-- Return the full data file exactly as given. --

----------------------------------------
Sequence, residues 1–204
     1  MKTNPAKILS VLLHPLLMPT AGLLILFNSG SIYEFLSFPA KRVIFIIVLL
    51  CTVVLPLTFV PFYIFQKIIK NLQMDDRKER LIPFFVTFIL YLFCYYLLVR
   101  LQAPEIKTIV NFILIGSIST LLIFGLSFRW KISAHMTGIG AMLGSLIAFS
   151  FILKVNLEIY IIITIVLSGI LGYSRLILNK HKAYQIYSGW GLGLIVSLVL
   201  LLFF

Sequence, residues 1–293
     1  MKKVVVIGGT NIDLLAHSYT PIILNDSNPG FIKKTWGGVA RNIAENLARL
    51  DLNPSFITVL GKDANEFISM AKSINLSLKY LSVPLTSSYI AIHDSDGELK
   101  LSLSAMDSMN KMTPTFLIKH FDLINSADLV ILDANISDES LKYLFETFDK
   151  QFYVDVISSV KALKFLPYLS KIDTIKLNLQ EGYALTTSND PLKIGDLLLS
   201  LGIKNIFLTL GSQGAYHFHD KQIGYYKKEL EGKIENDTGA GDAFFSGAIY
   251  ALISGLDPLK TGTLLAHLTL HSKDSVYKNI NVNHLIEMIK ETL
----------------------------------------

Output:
Sequence, residues 1–204
     1  MKTNPAKILS VLLHPLLMPT AGLLILFNSG SIYEFLSFPA KRVIFIIVLL
    51  CTVVLPLTFV PFYIFQKIIK NLQMDDRKER LIPFFVTFIL YLFCYYLLVR
   101  LQAPEIKTIV NFILIGSIST LLIFGLSFRW KISAHMTGIG AMLGSLIAFS
   151  FILKVNLEIY IIITIVLSGI LGYSRLILNK HKAYQIYSGW GLGLIVSLVL
   201  LLFF

Sequence, residues 1–293
     1  MKKVVVIGGT NIDLLAHSYT PIILNDSNPG FIKKTWGGVA RNIAENLARL
    51  DLNPSFITVL GKDANEFISM AKSINLSLKY LSVPLTSSYI AIHDSDGELK
   101  LSLSAMDSMN KMTPTFLIKH FDLINSADLV ILDANISDES LKYLFETFDK
   151  QFYVDVISSV KALKFLPYLS KIDTIKLNLQ EGYALTTSND PLKIGDLLLS
   201  LGIKNIFLTL GSQGAYHFHD KQIGYYKKEL EGKIENDTGA GDAFFSGAIY
   251  ALISGLDPLK TGTLLAHLTL HSKDSVYKNI NVNHLIEMIK ETL